Funding Opportunities

E.g., Jun 14, 21
Funder Name: Colorado State Forest Service
Funding Range:

$3,000 - $250,000

In March, Governor Polis signed a bill (SB21-054) to transfer $6 million from the General Fund to the Forest Restoration and Wildfire Risk Mitigation (FRWRM) grant program to address wildfire risk in Colorado. Approximately $6 million in total funding is available, and grant awards are available up to $1 million during this FRWRM grant cycle.


The Colorado State Forest Service (CSFS) is accepting FRWRM grant applications for projects on non-federal lands in Colorado for the purposes of:



  1. Fuels and forest health projects, and/or

  2. Capacity building projects


Eligible applicants include local community groups, local government entities such as fire protection districts, public and private utilities, state agencies, and non-profit groups.


The FRWRM program was established through Senate Bill 17-050 to provide state support in the form of competitive grant funds that encourage community-level actions across the state to:



  • Reduce the risk of wildfire to people, property, and infrastructure in the wildland-urban interface (WUI)

  • Promote forest health and forest restoration projects

  • Encourage utilization of woody material for traditional forest products and biomass energy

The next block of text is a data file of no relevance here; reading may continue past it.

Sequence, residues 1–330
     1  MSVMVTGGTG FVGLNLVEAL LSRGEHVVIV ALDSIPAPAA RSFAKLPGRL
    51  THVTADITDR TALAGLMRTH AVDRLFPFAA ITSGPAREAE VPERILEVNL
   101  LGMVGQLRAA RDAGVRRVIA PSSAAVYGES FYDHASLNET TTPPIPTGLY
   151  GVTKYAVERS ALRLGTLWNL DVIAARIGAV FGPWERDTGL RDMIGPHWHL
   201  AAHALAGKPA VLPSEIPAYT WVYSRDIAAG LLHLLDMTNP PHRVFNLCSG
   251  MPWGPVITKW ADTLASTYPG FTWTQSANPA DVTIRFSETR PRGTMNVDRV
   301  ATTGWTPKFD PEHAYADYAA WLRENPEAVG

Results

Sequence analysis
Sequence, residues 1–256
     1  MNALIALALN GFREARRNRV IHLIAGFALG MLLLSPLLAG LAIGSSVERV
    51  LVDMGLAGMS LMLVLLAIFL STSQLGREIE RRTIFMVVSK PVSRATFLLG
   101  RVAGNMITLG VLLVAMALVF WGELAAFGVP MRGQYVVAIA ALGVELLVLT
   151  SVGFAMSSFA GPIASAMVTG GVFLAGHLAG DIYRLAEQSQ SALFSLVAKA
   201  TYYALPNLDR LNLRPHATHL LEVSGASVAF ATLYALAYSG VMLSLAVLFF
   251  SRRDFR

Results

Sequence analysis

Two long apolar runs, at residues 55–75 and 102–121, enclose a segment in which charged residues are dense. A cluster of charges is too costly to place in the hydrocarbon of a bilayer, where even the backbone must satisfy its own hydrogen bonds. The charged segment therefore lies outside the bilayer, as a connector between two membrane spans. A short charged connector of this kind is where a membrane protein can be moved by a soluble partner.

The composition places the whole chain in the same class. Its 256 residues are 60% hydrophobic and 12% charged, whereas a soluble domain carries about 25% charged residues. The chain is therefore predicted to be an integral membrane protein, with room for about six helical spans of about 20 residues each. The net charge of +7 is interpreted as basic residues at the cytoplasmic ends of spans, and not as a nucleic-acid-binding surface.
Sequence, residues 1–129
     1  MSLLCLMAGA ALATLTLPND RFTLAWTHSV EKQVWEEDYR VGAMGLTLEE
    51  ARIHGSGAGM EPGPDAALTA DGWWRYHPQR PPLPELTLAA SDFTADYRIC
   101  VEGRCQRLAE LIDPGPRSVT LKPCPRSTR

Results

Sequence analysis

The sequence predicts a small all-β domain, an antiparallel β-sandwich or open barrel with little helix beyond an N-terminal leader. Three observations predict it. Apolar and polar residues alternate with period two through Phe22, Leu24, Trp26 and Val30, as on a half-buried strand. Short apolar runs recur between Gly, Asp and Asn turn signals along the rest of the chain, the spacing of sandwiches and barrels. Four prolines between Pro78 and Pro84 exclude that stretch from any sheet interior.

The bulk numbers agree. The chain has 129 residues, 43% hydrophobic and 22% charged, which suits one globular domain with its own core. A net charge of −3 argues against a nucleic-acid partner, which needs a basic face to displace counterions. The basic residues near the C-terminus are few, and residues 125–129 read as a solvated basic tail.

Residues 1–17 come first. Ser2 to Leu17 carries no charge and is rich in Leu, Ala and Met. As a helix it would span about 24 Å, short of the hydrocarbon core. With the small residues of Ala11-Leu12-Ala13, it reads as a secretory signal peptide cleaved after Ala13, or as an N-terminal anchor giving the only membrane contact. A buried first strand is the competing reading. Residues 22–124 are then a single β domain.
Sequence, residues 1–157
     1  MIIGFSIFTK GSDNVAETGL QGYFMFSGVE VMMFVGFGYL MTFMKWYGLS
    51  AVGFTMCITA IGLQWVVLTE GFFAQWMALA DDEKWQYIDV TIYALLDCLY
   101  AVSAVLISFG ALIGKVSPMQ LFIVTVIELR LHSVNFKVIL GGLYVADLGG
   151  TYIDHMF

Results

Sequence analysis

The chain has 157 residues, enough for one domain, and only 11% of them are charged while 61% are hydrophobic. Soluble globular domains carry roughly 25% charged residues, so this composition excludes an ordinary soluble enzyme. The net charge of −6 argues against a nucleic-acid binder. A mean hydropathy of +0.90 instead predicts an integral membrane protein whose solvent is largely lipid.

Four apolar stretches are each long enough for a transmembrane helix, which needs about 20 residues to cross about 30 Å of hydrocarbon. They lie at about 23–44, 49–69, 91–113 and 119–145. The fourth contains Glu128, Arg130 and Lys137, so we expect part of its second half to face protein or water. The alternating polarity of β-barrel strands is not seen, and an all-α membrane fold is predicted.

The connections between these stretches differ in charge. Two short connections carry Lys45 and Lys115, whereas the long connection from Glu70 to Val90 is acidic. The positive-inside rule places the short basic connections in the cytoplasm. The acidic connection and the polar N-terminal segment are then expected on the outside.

Successful applicants will receive final award approval with approximate project start date on August 16, 2021.

Funder Name: Department of Fire and Forestry Management
Funding Range:

$20,000 - $500,000

 The Arizona Department of Forestry and Fire Management (DFFM) - Healthy Forest Initiative Grant Program (formerly WFHF) is now accepting project applications. DFFM, with funding provided by the State of Arizona, USDA Forest Service, and DOI Bureau of Land Management is soliciting project proposals from $20,000 to $500,000 for fire prevention, critical infrastructure protection and forest and watershed restoration through reduction of hazardous vegetation. Projects may occur on state, federal, tribal and private lands in Arizona.


Projects should complement strategically planned or existing fuels management initiatives such as State of Arizona, US Forest Service or BLM thinning projects. Priority will be given to projects that target high risk areas (see https://arizonawildfirerisk.com/), have a clear sustainability plan, and that support the private vegetation management industry and/or Arizona’s wood products industry.